In consequence of this affair William determined to curb the power of the citizens; he left London and stayed for some days at Barking in Essex, while fortifications were raised in the city. At Barking possibly he granted his charter to London. He received the submission of the great men of the north, of Earls Edwin [q. v.] and Morcar [q. v.], of Copsige [q. v.], Waltheof [q. v.], and others. Succeeding as king to the crown lands, he confiscated the lands of those who had fought against him, and, holding that all the laity had incurred forfeiture, allowed the landholders generally to redeem their lands in whole or in part, receiving them back as a grant from himself. During his whole reign he punished resistance by confiscation (Freeman, iv. 22–9). Early in 1067 he set out on a progress through various parts of the kingdom for the purpose, as it seems, of taking over confiscated estates, establishing order, and strengthening his power by setting on foot the building of castles. He met with no opposition, and showed indulgence to the poorer and weaker people. After appointing his brother Odo, whom he made earl of Kent, and William Fitzosbern, whom he made earl of Hereford, as regent, and giving posts to others, he visited Normandy in Lent, taking with him several leading Englishmen. He was received with great rejoicing at Rouen, held his court at Easter at Fécamp, where he displayed the spoils of England, enriched many Norman churches with them, attended dedications of churches, and sent Lanfranc on an embassy to Rome on the affairs of the duchy.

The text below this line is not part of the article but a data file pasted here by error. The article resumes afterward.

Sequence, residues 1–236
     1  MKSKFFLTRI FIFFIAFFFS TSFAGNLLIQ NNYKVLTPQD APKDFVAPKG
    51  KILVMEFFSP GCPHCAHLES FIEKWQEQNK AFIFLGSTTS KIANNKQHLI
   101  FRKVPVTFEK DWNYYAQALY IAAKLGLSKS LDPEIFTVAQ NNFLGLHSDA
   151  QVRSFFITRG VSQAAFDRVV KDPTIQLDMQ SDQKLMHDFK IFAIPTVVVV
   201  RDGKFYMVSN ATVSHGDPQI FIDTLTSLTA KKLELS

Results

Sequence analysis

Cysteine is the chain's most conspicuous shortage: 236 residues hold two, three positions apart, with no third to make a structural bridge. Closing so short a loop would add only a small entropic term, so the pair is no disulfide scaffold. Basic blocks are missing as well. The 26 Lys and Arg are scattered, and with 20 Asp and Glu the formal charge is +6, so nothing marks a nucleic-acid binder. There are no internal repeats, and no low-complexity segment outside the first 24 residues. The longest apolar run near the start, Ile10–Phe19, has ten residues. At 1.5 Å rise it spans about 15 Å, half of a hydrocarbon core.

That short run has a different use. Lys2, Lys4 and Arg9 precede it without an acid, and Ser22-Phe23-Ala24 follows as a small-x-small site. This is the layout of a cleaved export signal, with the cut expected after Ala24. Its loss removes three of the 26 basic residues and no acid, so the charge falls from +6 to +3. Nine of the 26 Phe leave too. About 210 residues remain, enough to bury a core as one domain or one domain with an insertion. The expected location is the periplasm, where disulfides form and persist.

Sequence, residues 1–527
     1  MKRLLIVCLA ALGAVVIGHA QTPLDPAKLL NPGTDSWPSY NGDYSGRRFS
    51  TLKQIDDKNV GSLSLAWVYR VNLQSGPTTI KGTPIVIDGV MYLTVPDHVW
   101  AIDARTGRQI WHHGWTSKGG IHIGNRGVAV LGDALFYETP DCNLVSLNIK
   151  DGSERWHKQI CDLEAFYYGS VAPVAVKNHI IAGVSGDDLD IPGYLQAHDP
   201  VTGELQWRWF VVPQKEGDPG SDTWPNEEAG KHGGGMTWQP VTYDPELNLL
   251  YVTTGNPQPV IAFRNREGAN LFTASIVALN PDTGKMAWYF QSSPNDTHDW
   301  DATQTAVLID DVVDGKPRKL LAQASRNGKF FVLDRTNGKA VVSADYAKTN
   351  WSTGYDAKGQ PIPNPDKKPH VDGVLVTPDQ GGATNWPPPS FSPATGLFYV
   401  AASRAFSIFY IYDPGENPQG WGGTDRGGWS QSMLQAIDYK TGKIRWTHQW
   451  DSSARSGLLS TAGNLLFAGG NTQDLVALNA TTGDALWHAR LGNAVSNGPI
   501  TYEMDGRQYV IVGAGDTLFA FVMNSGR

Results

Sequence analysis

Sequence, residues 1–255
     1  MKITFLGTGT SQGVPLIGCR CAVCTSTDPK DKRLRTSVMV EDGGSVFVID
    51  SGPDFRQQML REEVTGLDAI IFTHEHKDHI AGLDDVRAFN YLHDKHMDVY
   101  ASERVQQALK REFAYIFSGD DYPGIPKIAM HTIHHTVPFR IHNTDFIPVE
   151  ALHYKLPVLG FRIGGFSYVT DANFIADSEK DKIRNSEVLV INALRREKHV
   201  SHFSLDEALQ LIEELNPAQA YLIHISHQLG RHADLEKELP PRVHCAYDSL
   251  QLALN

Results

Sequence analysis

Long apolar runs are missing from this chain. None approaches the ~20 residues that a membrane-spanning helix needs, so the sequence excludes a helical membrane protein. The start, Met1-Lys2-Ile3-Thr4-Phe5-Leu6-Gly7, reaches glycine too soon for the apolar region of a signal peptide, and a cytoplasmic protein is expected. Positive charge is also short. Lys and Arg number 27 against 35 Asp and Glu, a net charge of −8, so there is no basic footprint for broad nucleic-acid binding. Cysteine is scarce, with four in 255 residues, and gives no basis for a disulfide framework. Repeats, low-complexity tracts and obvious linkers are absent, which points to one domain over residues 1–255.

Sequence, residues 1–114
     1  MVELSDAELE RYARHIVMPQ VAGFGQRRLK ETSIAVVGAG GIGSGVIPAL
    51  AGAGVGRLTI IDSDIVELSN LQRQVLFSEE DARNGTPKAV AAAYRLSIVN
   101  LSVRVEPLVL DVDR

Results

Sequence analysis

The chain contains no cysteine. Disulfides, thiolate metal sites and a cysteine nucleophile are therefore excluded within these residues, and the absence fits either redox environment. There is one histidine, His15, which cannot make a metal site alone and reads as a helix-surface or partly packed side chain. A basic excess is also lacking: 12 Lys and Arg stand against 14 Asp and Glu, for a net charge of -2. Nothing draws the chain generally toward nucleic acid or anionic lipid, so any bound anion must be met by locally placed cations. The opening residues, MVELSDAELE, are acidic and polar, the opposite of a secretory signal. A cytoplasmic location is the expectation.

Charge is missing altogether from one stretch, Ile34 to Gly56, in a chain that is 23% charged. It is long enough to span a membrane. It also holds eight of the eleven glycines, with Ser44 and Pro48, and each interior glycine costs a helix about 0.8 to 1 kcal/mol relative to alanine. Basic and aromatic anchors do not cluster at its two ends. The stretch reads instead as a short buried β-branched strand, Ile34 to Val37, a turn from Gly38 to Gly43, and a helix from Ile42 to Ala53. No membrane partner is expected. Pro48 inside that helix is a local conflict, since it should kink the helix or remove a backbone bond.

William returned to England on 7 Dec. During his absence disturbances had broken out in Kent, in Herefordshire, and in the north, where Copsige, whom William had made earl, was slain, and an invitation had been sent to Sweyn Estrithson of Denmark to invade England. The Kentish insurrection had been quelled, and William made many confiscations. In the hope of averting Danish invasion he sent an embassy to Sweyn and to the archbishop of Bremen. He appointed a new earl in Copsige's place and laid a heavy tax on the kingdom. An insurrection, headed by Harold's sons at Exeter, having broken out in the west in 1068, William marched thither with English troops, ravaging as he went. He compelled Exeter to surrender, had a castle built there, and subdued the west country. Rebels gathered at York, and the king, after occupying Warwick, where Edwin and Morcar, who were concerned in the revolt, made their peace with him, and receiving the submission of the central districts, advanced to York, which made no resistance to him. As he returned he visited other parts of the country, and caused castles to be built in various towns. About this time he dismissed his foreign mercenaries after rewarding them liberally. Early in 1069 Robert of Comines, to whom he had given an earldom north of the Tees, was slain with his men at Durham, and a revolt in favour of Edgar was made at York, where the castle was besieged. William marched to its relief, defeated the rebels, and caused a second castle to be built to curb the city. Harold's sons, who, sailing from Ireland, had made a raid on the west in the preceding year, again came over with Viking crews and plundered in Devonshire. They were promptly put to flight; but it was doubtless in connection with their expedition that the fleet of Sweyn of Denmark, after some plundering descents, sailed into the Humber in September, and being joined by Edgar, Waltheof, and other English leaders, burnt York. Other revolts broke out, in the west where the rebels were defeated by the bishop of Coutances, on the Welsh border, and in Staffordshire, the movements being without concert. William, who was surprised and enraged at the news from York, marched into Lindsey, where the Danish ships were laid up, destroyed some Danish holds, and, leaving a force there, crushed the revolt in Staffordshire, and entered York without opposition. He then laid waste all the country between York and Durham, burning crops, cattle, houses, and property of all kinds, so that the whole land was turned into a desert and the people perished with hunger. After keeping Christmas amid the ruins of York, he marched to the Tees in January 1070, received the submission of Waltheof and others, committed further ravages, returned to York, and thence set out for Chester. The winter weather made his march difficult; some of his men deserted and many perished. The fall of Chester ended the revolt in that district, and was followed by ravages in Cheshire, Shropshire, Staffordshire, and Derbyshire. The Danish fleet having been bribed to leave the coast after the winter, all resistance was at an end and the conquest of England was complete (ib. pp. 320–22).